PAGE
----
Legal action against managed care abuses holds some promise. It is the American way. However, it will set off protracted courtroom battles and will take too long; meanwhile, our busy daily practices will go on. Our conviction that the power of large insurance companies and the U.S. Congress is huge and hard to budge has grown. The motive for that power is money, and the circulation of money in the present managed care system is pumped by the average citizen's faith that his employer or Congress -- some parental figure -- will ultimately take care of him. Ambrose Bierce's definition has never been more accurate: "Corporation: An ingenious device for obtaining individual profit without individual responsibility."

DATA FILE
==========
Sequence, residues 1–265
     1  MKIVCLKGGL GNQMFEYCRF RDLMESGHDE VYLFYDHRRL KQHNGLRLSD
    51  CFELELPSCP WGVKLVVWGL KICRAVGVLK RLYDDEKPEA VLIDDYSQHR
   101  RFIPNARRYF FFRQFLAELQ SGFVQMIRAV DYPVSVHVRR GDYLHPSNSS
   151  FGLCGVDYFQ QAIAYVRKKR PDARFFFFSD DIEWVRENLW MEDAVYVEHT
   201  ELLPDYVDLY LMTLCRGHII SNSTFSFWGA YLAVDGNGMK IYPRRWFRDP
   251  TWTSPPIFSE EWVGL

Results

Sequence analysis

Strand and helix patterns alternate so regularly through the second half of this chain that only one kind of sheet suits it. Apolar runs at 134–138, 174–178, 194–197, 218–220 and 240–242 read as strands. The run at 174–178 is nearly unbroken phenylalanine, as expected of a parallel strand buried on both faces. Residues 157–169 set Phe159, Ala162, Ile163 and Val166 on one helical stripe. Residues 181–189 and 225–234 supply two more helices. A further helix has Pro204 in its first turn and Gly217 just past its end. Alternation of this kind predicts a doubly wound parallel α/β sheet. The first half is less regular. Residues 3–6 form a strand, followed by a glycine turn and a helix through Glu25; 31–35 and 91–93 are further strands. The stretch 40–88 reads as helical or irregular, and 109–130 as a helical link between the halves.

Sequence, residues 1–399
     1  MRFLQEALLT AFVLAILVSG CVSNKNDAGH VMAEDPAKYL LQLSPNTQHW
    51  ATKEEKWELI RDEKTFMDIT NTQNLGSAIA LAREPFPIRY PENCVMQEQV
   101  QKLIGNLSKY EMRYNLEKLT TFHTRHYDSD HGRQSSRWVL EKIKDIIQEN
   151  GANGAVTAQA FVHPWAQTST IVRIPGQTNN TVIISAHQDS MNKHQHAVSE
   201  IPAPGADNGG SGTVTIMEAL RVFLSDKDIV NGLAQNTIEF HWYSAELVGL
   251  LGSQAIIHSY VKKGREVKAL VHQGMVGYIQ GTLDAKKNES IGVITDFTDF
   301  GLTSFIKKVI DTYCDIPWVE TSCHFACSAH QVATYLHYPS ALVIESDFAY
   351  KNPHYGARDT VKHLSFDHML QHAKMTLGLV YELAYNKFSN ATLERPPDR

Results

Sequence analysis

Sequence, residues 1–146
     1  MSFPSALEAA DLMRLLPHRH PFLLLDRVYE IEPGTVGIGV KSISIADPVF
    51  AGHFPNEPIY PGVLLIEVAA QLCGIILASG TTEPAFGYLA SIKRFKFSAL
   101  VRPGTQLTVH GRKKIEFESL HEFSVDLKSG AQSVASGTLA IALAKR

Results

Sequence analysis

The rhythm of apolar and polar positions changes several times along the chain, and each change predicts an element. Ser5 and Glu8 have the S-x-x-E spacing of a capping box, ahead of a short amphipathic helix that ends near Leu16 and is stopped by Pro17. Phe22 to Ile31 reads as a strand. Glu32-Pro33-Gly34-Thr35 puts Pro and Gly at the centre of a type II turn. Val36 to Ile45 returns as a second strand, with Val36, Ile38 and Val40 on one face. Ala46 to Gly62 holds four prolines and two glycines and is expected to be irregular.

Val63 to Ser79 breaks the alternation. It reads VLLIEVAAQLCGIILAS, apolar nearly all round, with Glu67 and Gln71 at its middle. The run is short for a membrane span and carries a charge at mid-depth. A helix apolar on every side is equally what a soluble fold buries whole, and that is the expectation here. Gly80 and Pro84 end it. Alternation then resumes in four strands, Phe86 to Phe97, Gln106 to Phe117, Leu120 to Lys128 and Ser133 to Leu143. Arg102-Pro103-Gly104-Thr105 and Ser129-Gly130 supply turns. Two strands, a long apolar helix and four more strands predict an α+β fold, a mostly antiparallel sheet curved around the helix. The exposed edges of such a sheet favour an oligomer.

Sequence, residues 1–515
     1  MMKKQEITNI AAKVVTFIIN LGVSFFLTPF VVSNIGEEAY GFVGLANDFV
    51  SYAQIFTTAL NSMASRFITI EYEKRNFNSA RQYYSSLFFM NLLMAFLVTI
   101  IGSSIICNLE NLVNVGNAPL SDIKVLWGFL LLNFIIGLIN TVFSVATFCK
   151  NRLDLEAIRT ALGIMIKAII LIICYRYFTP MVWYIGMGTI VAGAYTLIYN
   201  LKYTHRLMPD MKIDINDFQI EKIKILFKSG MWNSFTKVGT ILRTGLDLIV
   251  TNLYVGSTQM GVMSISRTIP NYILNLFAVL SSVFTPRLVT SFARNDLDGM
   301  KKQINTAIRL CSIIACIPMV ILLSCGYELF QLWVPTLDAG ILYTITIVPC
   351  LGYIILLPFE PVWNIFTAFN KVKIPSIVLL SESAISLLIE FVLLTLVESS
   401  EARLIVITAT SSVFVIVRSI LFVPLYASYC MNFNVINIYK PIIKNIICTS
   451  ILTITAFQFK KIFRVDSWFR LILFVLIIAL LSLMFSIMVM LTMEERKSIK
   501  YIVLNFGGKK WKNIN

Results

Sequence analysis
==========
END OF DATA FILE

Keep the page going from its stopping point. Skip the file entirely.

There is a risk -- even a probability -- that in the present state of conflict all parties will withdraw into the murk, "triangle in" or "pair off with" a collaborator and not speak openly as an individual to the other members of the circle. Many mental health care professionals do not explain the usual required treatment plan to patients -- perhaps feeling it is only window-dressing -- or how it is transmitted. The case managers prefer to stay in the background, pulling the strings. If they oppose a particular treatment or deny further sessions, they ask the therapists to explain and are reluctant to communicate their thinking to patients. The professionals have conflicted loyalties. They can explain different options, their recommendations and the managers' stand to their patients, and together they can decide to appeal the manager's decision. Of course, this is often the best course, but there are inhibiting forces on all sides. The professionals have to give extra (uncompensated) time to argue with upper-level managers (often psychiatrists near retirement) who are not sympathetic. Some professionals decide it is easier to side with the managers before doing that. A patient may be intimidated by an appeal too. If they think a growing number of managers and the increasing documentation will be included in the discussion of their case and are worried enough about their problems already, they may simply decide it is easier to drop the issue and stop treatment. Even if professionals never bring up the notion of an appeal with patients, but instead shift the treatment schedule and goals to accommodate the managers, it is hard to imagine that a patient who is alert will not sniff out the kind of process they are involved in -- that their professional is being secretly influenced.